Keep Your Kids Warm When The Temperature Drops
Playing in the snow, building snowmen, having snowball fights—those are some of the greatest joys of winter if you’re a kid. But when the temperature dips below freezing, is it safe for your little ones to be outside very long? As a general rule of thumb, when temperatures are between 13 and 31 degrees, kids should come inside for a break every 20 to 30 minutes. But if your kids end up staying out longer (or needs to be outside when it’s below 13 degrees, like to wait for the bus), try these tips to keep them warm and safe:
- Dress in layers: Prepare by starting with a good thermal base layer to keep them warm, then another layer of pants and a top (if they’re playing in the snow, avoid heavy cotton like jeans—they’re slow to dry and cool the body down). On top of normal clothes, add another layer like a light zip-up or fleece jacket to extra insulation. As a rule of thumb, kids should wear one more layer than adults.
- Wear a weather appropriate jacket for the occasion: Look for a coat that is both waterproof and windproof, to keep your kid stay warm and dry. If your child is playing in the snow, get some snow pants to protect the base layers from getting wet.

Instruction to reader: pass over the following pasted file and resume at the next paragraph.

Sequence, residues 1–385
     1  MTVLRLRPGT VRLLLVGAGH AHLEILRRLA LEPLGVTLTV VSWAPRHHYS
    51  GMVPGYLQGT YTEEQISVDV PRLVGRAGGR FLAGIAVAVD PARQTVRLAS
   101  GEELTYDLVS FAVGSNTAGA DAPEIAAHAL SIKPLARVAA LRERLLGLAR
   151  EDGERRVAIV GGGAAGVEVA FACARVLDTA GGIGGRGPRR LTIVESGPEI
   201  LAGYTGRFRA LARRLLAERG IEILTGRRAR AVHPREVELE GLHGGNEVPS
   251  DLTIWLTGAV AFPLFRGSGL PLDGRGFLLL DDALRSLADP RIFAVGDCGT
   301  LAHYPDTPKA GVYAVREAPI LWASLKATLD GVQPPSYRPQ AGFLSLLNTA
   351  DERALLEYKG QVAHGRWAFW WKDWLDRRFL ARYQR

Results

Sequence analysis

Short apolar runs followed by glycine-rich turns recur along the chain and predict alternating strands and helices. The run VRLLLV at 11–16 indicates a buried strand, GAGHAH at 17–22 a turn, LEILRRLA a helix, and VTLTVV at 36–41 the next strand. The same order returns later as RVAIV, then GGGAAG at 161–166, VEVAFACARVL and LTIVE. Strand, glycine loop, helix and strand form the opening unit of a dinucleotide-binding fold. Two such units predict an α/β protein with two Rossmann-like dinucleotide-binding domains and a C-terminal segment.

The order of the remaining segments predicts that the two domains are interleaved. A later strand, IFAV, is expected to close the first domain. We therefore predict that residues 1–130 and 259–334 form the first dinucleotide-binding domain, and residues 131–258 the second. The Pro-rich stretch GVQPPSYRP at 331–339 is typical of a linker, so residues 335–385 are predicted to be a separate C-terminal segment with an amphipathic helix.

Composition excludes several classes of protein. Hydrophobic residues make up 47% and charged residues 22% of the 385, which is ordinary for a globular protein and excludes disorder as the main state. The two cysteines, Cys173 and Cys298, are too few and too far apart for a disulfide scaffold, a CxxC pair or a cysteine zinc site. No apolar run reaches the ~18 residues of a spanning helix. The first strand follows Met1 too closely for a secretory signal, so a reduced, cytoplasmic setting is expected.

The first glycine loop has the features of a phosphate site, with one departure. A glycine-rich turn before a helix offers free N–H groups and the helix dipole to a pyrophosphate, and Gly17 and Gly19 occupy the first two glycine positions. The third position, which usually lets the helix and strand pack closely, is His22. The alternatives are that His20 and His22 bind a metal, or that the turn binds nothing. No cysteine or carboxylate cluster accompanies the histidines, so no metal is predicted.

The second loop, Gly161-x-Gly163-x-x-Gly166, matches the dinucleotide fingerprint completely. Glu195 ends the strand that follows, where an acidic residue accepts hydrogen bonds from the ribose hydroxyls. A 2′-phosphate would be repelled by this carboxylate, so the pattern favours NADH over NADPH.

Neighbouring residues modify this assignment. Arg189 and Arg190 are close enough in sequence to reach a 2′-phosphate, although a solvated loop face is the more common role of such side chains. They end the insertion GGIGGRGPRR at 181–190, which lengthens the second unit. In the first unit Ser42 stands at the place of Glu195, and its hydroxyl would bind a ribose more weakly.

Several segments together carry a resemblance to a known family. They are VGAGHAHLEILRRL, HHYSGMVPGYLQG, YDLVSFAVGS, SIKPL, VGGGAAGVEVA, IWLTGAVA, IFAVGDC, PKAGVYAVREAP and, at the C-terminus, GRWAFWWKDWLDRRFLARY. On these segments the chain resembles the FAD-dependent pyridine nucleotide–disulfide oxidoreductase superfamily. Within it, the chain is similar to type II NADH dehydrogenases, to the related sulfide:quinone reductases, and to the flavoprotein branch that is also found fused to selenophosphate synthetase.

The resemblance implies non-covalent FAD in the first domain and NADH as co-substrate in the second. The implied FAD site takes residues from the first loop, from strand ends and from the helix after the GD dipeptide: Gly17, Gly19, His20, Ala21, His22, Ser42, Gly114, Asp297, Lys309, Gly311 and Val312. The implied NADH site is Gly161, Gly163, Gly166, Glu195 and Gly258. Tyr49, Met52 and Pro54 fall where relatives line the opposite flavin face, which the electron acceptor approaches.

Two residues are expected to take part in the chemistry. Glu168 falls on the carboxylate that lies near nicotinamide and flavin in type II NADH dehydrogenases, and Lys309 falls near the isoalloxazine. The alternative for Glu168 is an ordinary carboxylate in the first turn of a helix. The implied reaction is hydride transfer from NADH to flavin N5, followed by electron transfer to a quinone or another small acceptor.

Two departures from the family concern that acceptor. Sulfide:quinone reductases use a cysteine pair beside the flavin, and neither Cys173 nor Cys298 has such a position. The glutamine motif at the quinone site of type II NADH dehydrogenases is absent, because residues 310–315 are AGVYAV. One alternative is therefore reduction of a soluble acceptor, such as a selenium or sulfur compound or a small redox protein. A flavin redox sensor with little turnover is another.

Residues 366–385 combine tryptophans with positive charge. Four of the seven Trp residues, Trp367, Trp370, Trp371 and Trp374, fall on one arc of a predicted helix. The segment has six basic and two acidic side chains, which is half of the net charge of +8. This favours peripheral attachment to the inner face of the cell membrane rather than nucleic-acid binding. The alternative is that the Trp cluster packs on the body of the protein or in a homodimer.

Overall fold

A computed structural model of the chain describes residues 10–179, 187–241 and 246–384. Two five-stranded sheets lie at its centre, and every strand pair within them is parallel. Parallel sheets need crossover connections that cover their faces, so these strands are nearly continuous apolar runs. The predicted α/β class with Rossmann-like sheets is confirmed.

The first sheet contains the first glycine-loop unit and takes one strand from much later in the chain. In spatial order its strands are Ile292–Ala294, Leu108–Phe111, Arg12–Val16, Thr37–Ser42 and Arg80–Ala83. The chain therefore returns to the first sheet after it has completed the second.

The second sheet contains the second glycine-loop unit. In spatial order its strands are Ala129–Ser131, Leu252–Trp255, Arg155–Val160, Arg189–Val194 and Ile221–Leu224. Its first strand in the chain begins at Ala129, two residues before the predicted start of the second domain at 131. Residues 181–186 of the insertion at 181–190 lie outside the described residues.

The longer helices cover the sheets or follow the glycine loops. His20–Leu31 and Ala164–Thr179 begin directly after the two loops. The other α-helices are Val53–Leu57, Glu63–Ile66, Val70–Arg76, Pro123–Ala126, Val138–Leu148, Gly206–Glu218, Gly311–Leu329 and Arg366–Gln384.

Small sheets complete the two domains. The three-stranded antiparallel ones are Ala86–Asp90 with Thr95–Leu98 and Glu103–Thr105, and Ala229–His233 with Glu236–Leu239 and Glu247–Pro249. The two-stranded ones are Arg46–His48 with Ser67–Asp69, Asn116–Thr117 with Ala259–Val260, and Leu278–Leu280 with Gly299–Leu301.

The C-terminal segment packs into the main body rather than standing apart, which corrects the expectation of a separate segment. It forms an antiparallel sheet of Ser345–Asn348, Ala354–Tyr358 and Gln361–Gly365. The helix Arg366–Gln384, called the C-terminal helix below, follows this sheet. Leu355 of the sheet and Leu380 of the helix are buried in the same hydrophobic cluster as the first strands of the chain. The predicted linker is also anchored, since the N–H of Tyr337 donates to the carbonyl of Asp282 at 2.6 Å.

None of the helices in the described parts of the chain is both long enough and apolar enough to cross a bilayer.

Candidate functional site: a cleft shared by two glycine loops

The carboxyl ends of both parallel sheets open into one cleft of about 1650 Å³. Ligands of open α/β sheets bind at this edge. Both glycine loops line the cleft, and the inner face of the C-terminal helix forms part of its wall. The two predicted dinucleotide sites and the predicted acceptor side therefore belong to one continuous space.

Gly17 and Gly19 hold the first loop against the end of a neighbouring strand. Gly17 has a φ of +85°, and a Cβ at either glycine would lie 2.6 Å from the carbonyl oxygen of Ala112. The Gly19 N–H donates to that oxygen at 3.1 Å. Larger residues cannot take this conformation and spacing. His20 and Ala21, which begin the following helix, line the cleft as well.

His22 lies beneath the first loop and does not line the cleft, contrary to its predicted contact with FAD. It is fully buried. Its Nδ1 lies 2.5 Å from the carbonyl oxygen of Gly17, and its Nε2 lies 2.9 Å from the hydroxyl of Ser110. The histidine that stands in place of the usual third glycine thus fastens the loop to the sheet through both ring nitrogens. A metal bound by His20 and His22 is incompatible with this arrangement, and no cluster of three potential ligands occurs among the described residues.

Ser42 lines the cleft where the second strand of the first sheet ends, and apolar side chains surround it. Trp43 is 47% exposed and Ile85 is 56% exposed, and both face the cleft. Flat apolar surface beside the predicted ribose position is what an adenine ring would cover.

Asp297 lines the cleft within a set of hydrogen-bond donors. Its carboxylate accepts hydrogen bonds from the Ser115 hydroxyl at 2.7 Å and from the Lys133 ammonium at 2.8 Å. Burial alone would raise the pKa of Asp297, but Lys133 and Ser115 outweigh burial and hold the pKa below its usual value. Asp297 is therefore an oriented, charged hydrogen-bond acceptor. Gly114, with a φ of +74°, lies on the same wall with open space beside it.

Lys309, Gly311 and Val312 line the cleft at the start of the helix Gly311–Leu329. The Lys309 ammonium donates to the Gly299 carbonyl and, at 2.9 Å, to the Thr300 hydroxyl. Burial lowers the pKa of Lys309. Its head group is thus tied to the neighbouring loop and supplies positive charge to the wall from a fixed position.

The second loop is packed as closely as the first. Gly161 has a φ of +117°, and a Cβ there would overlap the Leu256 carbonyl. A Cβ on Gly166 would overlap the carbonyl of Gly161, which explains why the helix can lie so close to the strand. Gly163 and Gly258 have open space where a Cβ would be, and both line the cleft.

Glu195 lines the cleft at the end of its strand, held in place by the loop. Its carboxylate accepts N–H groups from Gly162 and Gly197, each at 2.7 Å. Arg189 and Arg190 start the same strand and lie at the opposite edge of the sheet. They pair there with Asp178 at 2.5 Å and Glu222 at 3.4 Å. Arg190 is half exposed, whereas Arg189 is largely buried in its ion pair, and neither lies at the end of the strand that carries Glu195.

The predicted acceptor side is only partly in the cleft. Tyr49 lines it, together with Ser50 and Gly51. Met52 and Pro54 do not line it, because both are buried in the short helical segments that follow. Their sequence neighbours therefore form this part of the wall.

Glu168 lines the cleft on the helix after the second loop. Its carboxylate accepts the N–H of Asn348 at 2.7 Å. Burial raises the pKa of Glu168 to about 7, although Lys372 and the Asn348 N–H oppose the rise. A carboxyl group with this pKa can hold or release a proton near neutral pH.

- Always bring a hat and gloves: Having a bare head and hands can cause people to lose heat through exposed skin and constrict blood vessels. If your child is playing in the snow, make sure their gloves and hat are waterproof. You can also send your child out with hand warmers for immediate relief on cold days.
- Find the right footwear: Cold feet can make even the most fun activities miserable. Look for a shoe that fits right and is also waterproof, tall (to keep the snow out), lined with warm material and is easy to walk and run in. You can even toss a hand warmer or two in the toes of your boots for some extra warmth.
- Don’t overdo warm clothes: It seems strange, but make sure you don’t bundle your child up too much. Overheating can lead to sweating and dehydration, which makes it tougher to regulate body temperature and stay warm. Layering up can be a good way to combat overheating as your child can shed a layer if they’re starting to get toasty.
- Pack a hot drink: If you plan to be outside without access to indoor breaks, pack a thermos of some hot cocoa or soup for some immediate warmth. Your body burns more calories when it’s cold to stay warm, so if your child gets hungry, they’ll feel colder. Carrying around a couple of snacks can also help.
Whenever your family is outside in the cold, know the signs of frostbite and hypothermia. Frostbite will most commonly occur on exposed skin like nose, ears, cheeks and chin, and can also be found on covered fingers and toes. Signs of frostbite are numbness, red or pale skin, joint and muscle stiffness and blistering after rewarming. Signs of hypothermia include shivering, slurred speech and clumsiness or lack of coordination. If you think your child has hypothermia call 9-1-1 or seek emergency medical service immediately.